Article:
Mayo: Use in place of butter when mashing potatoes for a richer taste if you struggle to get through a jar. Use instead of butter for cheese on toast, plain hot toast, or sandwiches, too.

Milk: If it’s only just turning you can add it to natural yoghurt to make your own yoghurt. Store in the fridge and keep an eye (or nose) on it. You can also use it in place of buttermilk in soda bread and scones.

Mushrooms: Best thing is to dry them. It intensifies their flavour and they can keep for a year in a jar. Simply leave to dry on a baking tray for a few days, or pop in the bottom of the oven when it’s on for something else. They make an excellent earthy stock too, just slow cook with herbs and an onion, a carrot if you have it, and a pinch of salt for an excellent base for soup or risotto.



Olives: Tapenade! Also can be dried, blitzed & kept for months. I have been known to serve dessicated olives with a cheese course just because I can, and people always loved them. Also great sprinkled on a risotto, or added to stews, casseroles and soups for a deep tangy flavour.

Oranges: See ‘Satsumas’



Pasta (cooked): See ‘spaghetti’

Peppers: Roast and blitz into a pasta sauce with tomato and onion, or sneak into pizza sauce. Freeze either in ice cubes and use as required.

Pickled cabbage: I’m thinking drop it into a beet soup and cook off the vinegar… Yum!

Pizza: Breakfast. Like a superior cheese on toast. Or dice small and bake and add to soup like intense little croutons. You’ll thank me.

Plums (unripe): Stick them in the microwave wrapped in a thin tea towel for 2 min on defrost. Voila.

Plums (squishy): Boil up with a little sugar and lemon to make a compote. Store in the fridge or freezer and add to yoghurt, granola, toast, porridge, bircher, cakes, etc.



Rice: COOL IT COMPLETELY. Add an egg (gram flour if vegan) and chill it. Fry in patties next morning for amazing brunch. Also see ‘bibimbap’ for ideas from Korea of how to sex up fried rice. Oof.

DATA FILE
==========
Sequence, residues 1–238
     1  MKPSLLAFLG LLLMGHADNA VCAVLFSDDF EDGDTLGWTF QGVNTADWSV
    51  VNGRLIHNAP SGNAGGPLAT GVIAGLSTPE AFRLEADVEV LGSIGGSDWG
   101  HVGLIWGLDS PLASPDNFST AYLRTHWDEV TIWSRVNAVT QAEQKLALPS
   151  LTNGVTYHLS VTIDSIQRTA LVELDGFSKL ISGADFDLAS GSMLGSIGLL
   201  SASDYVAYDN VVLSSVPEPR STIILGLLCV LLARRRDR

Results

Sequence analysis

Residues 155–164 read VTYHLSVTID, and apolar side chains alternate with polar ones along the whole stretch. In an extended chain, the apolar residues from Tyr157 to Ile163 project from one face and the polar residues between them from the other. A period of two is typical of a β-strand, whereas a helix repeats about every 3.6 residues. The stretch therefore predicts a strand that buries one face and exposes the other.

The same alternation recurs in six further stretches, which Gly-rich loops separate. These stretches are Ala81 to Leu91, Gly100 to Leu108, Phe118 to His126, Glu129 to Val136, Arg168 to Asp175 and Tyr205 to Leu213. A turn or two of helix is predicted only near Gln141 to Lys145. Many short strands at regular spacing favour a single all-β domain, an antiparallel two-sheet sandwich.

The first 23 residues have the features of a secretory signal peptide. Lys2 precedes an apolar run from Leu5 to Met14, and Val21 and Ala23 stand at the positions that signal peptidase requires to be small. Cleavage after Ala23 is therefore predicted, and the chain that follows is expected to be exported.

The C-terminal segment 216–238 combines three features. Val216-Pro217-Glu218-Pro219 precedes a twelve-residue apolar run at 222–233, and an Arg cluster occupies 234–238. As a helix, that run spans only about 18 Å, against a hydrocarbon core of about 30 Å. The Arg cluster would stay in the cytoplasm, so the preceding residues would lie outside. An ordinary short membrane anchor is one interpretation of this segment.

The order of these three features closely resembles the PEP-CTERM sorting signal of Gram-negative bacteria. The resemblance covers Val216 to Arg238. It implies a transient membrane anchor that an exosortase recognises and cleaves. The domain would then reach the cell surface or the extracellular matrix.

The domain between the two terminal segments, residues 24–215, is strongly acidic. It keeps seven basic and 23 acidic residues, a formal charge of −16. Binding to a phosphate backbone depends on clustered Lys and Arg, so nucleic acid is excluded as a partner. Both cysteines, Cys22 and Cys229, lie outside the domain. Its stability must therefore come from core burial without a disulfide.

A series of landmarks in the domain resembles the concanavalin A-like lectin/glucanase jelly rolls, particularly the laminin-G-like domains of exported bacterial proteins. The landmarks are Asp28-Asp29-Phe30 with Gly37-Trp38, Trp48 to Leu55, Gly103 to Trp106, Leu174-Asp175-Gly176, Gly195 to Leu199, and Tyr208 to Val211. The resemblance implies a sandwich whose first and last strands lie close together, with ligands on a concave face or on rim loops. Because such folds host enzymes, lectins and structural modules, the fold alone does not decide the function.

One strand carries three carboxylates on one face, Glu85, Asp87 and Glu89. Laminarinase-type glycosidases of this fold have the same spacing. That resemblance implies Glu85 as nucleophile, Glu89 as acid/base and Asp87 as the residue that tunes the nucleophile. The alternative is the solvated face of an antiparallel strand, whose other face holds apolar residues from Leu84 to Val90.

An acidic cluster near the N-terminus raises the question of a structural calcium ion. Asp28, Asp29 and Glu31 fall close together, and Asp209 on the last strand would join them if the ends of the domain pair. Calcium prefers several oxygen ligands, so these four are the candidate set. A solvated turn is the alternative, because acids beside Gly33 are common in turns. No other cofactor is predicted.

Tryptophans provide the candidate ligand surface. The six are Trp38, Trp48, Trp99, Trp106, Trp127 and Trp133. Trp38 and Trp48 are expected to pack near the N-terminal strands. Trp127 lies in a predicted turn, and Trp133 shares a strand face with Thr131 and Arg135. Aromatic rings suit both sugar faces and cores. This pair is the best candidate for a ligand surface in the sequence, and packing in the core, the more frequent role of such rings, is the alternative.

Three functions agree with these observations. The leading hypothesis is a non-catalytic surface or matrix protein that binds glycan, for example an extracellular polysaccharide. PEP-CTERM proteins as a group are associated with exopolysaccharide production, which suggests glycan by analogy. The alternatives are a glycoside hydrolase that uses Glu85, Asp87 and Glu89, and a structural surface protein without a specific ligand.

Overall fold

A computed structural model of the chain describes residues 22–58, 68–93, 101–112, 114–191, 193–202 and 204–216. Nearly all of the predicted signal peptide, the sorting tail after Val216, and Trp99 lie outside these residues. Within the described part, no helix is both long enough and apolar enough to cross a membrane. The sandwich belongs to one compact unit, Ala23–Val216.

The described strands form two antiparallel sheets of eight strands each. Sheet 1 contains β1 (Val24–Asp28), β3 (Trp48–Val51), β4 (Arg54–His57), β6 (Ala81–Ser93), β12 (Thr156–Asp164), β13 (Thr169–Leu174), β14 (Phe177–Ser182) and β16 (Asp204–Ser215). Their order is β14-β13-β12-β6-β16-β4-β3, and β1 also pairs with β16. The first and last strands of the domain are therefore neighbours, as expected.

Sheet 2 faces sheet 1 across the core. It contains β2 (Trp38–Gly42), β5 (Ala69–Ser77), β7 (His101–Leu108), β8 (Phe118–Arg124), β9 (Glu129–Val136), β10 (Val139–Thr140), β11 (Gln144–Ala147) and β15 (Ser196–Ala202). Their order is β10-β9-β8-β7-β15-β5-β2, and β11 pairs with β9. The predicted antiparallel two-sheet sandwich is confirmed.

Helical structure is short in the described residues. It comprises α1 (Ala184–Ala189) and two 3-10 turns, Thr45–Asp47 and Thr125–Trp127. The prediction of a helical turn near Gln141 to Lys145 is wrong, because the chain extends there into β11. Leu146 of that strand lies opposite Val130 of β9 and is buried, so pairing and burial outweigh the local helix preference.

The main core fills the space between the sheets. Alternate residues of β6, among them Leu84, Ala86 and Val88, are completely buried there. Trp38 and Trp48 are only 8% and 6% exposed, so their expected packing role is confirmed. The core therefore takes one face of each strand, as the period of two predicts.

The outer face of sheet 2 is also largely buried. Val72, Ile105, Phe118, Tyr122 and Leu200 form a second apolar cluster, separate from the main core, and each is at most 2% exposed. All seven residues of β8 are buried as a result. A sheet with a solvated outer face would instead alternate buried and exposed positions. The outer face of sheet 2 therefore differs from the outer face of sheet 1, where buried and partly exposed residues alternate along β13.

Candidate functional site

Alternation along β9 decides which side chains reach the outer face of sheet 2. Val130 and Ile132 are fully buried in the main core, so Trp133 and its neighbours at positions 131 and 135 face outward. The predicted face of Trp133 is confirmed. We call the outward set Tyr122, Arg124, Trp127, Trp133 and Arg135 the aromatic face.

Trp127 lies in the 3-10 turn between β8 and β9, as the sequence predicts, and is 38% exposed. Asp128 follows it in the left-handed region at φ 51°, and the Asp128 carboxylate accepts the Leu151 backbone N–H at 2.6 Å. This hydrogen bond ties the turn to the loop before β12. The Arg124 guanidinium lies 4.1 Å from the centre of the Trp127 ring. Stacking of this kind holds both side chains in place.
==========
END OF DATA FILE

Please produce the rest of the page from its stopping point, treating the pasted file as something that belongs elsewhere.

Roast potatoes: Have them cold in a potato salad, hot in saag aloo, blitz for soup, make a spud curry, slice and refry for potato sandwiches like my Aunty Helen used to make.

Rocket: Rocket makes an excellent fiery pesto. Add oil, lemon, garlic, S&P, cheese, nuts or seeds. Freeze for months or fridge for 7-10 days.


Satsumas: Boil up and simmer for a compote to spread on toast or add to birchers, or make small marmalade; equal weight fruit to sugar, boil, simmer, jar, fridge, enjoy. Use in a curry. Also delicious in a curd, find a simple lemon curd recipe and replace the lemons with satsumas and off you go.

Spaghetti (cooked): Chop it up small and start a minestrone soup. Can of tomatoes, stock, carrots, peas or greens, go.

Spinach: Freeze half of it when you buy it to prevent the sludgey bottom of the bag. Use in pesto, soup, curry, bolognese, casseroles, tagines – I put it in everything!

Spring onion/scallion tops: Slice and add to oil with garlic, lemon, ginger, chilli, salt/soy = sexy spicy asian-style dressing for noodles, stir fries, salads and veg. Slice and add to mash for colcannon, too.

Squash: Dice it and blanch it and freeze it. Chips. Mash. Risotto. Soup. Mix into hummus. Grate it and make a rosti. Posh bubble and squeak. Pasta sauce with chilli and cheese. Curry with chickpeas and spinach.

Sweetcorn: Shuck it and freeze it and use it from frozen. Add to mash. Dry the middles and donate to friends with guinea pigs – mine loved to gnaw on them!


Tahini: Make halva. Lots of halva. And send me some.

Taramasalata: Makes a great pasta sauce warm with lemon. Add a mashed egg and some spinach/kale for luxury.

Toast: Pappa al Pomodoro is excellent made with toast. I do it with SB’s discarded half eaten toast if it’s only had butter or marmite on.

Tomatoes: Just cook slowly with a few cloves of garlic, dash of vinegar or lemon and a pinch of salt for the best pasta sauce. Or make a panzanella! Or blitz/mash for passata and freeze it until you need it.




Weetabix crumbs or similar: These are very good in a crumble topping! Just store in a small bag or jar until needed. If you bake your own bread they can be added to the flour too.



Yoghurt: If not too far gone, add salt and mashed garlic, pour into a tea towel, hang in the fridge over a bowl to strain overnight, and you have labneh. Experiment with spices like cumin and chilli, za’atar if you have it, lemon zest and pepper if you haven’t. (I don’t have za’atar but someone might!)


Zested citrus fruits: Slice them and freeze them whole and use in water/alcoholic drinks. Or cook immediately into compote or a curd before they harden.

What do you struggle to use up? If I can answer it I’ll add it to the list – just comment below!

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This site is free to those who need it, and always will be, but it does of course incur costs to run and keep it running. If you use it and benefit, enjoy it, and would like to keep it going, please consider popping something in the tip jar, and thankyou.